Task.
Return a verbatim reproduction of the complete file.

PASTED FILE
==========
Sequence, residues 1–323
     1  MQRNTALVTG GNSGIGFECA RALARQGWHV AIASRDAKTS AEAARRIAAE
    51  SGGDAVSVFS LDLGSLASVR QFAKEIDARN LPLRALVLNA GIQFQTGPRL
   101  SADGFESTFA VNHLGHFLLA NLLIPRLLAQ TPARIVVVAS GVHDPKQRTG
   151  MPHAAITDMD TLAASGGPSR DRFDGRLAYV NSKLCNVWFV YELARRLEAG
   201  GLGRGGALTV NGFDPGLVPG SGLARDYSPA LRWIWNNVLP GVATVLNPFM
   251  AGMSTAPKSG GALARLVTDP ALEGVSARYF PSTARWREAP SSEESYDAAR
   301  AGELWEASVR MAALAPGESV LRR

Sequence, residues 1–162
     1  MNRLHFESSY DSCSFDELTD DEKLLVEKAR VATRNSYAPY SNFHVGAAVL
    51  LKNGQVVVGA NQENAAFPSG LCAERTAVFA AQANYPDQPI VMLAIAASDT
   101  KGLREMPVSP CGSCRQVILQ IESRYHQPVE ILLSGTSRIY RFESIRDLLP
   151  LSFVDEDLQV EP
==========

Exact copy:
Sequence, residues 1–323
     1  MQRNTALVTG GNSGIGFECA RALARQGWHV AIASRDAKTS AEAARRIAAE
    51  SGGDAVSVFS LDLGSLASVR QFAKEIDARN LPLRALVLNA GIQFQTGPRL
   101  SADGFESTFA VNHLGHFLLA NLLIPRLLAQ TPARIVVVAS GVHDPKQRTG
   151  MPHAAITDMD TLAASGGPSR DRFDGRLAYV NSKLCNVWFV YELARRLEAG
   201  GLGRGGALTV NGFDPGLVPG SGLARDYSPA LRWIWNNVLP GVATVLNPFM
   251  AGMSTAPKSG GALARLVTDP ALEGVSARYF PSTARWREAP SSEESYDAAR
   301  AGELWEASVR MAALAPGESV LRR

Sequence, residues 1–162
     1  MNRLHFESSY DSCSFDELTD DEKLLVEKAR VATRNSYAPY SNFHVGAAVL
    51  LKNGQVVVGA NQENAAFPSG LCAERTAVFA AQANYPDQPI VMLAIAASDT
   101  KGLREMPVSP CGSCRQVILQ IESRYHQPVE ILLSGTSRIY RFESIRDLLP
   151  LSFVDEDLQV EP